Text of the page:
How to Store a Generator

You’ve made sure to store your flashlights without batteries inserted and keep your matches sealed and dry—but what else do you need to check off your emergency preparedness list? If dealing with weather-based blackouts or power outages for any reason is a concern, a portable generator should be a critical part of your survival and safety plans. 

Generators are tough machines that can function for many years, but to preserve your investment, they require proper maintenance and caretaking. This involves storing them in a safe cool dry and ventilated location, such as a garage or shed, to avoid damage.

A generator that comes through in emergencies and outages is one that’s been stored and maintained properly. To that end, let’s look at the basics of how to store a generator after use.

Where Is the Best Place to Store Your Generator?

Your generator needs to be housed in a cool, dry, and ventilated location when not in use. When it’s not helping protect you, you need to protect your generator from:

  • Rust and corrosion due to moisture
  • Damage from debris, dust, and dirt buildup
  • Engine failure or damage from precipitation, high winds, and other weather conditions
  • Engine, diesel fuel, and fumes damage from the sun and high heat conditions
  • Theft and mischief

You also need to safeguard your family and others from potential dangers such as:

  • Toxic fume buildup from fuel-based generators and stored generator fuel
  • Accidents and damage (human or generator) related to children’s access

Long-Term Storage Options for Generators

Can you keep a generator in your basement, spare room, or anywhere else in your house? The short answer is no. Even if the gas tank is emptied, a fuel-based generator can emit trace chemicals, odors, and toxic fumes into your living environment.

Instead, consider storing your generator in a safe storage location, such as:

  • Garage – If it has the necessary clean and ventilated space, a garage (ideally separated from the house) can be a handy storage option. Temperature control and easy access to the house are additional benefits to storing your generator in a garage.
  • Outdoor Shed – A sturdy storage shed or a basic, ventilated wooden shelter or enclosure can be a storage option since it’s safely located further away from the house. However, temperature control can be an issue. That’s because storing generators in high heat or extreme cold temperatures can damage your generator. As such, consider your climate and consult your owner’s manual to determine if adding an insulated cover would be enough protection for shed storage.
  • Generator housing – Durable canopies, sheds, boxes, shelters, and covers specifically sold to house generators are widely available in various materials and designs. Some are designed with enough ventilation to remain in place while the generator is used, which can be a bonus, especially for short-term storage periods. You’ll also want to ensure you purchase the right size and type for your model, either by referring to specific makes and models approved in the product literature or with careful reference to storage housing needs in your owner’s manual.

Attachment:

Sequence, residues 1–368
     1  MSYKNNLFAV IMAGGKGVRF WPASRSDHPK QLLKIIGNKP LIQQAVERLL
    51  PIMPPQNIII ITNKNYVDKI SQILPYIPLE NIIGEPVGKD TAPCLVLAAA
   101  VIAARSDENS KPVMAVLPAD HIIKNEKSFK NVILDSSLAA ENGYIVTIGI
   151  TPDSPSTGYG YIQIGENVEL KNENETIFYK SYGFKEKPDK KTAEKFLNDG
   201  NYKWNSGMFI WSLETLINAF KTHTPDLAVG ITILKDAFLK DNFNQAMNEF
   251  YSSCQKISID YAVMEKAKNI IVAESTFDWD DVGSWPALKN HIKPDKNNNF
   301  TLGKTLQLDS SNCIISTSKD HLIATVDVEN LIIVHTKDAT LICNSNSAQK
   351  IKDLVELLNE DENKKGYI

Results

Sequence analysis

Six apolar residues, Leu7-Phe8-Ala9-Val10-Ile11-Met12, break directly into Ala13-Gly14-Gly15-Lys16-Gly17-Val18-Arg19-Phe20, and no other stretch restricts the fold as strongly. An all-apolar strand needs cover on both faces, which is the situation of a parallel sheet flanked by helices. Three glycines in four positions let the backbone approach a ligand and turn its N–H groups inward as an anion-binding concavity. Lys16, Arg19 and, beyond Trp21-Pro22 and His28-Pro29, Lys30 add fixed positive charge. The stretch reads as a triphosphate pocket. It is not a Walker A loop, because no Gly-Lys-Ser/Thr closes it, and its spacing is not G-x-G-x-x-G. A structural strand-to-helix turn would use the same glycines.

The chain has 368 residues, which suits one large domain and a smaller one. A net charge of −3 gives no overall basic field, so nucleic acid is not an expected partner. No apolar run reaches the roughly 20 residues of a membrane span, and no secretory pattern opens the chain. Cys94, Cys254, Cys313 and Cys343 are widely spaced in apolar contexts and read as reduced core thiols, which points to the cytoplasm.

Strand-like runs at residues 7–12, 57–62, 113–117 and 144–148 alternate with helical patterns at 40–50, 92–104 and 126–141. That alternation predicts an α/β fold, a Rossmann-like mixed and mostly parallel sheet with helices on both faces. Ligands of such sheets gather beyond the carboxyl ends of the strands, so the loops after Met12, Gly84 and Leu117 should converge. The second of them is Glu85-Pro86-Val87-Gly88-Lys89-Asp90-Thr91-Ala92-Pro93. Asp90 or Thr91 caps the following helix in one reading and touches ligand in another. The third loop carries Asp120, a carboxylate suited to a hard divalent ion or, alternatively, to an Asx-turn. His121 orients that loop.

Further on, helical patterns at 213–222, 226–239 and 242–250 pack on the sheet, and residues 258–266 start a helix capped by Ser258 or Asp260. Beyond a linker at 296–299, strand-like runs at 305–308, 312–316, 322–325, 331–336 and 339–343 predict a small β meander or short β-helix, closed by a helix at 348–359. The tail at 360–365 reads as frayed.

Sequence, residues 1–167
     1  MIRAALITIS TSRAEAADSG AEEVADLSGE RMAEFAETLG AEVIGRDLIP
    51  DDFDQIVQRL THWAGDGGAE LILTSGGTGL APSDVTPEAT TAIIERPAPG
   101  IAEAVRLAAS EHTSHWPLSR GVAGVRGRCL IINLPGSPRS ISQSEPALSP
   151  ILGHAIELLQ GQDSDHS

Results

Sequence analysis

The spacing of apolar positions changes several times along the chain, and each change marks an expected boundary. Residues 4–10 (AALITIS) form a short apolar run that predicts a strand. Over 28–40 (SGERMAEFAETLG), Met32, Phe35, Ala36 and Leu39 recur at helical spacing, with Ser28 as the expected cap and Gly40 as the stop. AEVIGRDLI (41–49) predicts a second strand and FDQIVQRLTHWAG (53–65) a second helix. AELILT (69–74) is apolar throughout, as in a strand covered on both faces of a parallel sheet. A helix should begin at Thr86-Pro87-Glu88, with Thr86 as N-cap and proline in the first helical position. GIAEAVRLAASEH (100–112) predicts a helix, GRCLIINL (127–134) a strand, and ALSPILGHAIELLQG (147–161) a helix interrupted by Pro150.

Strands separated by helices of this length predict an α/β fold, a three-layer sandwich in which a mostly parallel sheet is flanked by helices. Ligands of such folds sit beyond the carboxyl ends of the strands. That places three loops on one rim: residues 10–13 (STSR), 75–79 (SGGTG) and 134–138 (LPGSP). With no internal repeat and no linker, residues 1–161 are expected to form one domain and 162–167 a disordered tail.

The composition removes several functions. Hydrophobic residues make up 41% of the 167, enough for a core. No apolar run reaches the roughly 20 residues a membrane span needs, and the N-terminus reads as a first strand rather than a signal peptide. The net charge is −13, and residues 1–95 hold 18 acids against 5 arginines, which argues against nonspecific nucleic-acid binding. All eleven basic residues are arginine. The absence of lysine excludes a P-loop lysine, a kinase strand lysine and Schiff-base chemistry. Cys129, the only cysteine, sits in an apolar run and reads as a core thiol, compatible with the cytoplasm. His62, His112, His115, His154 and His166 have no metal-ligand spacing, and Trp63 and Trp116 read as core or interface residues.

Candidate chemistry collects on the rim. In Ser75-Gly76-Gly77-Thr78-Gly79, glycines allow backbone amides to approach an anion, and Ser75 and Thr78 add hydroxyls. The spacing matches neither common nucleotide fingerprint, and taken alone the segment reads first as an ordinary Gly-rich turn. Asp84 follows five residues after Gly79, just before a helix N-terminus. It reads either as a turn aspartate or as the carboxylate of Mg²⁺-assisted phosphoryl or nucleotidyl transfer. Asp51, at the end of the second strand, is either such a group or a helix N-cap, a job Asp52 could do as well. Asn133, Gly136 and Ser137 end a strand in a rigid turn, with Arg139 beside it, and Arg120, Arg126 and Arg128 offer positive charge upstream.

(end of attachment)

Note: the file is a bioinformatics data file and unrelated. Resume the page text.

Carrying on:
But even if your generator is properly stored, you can also protect it further with a generator cover.

Short-Term Generator Storage

While the safety and protective considerations above are critical, there’s also the issue of access. If you’re staring down a hurricane, you don’t want to tramp a quarter-mile through the hilly or wooded property and drag your generator up near the house in gale winds and rain.

If you have preparation time between an emergency warning and a power outage, you may want to move your generator from its long-term storage and position it to be ready for use while still keeping it under a generator canopy or tarp.

How to Prepare Your Generator for Storage

If you know you’ll be using your generator within a week or two, you can skip these steps. But if you’re ready to pack it away until the next unplanned emergency or next year’s rain or snow season, cleaning, inspection, and maintenance are key steps in storing a generator.

For each step, start by reading your generator manual for what your specific make and model needs. Ideally, the frequency of cleaning and maintenance for your generator can be done in tandem with when you choose to use and store it. 

Step #1: Clean Your Generator for Storage

Your owner’s manual will likely cover some standard touchpoints around internal and external generator cleaning. These include:

  • Check for and remove debris or dirt buildup
  • Wipe down the carburetor, cooling air slots, engine controls, muffler, and springs
  • Clean any oil or fuel on surfaces

Leaving dirt, oil, or gas on surfaces can result in corrosion to seals and switches while your generator is stored, and it may increase the likelihood of fumes and flammability in the storage location.

Step #2: Inspect Your Generator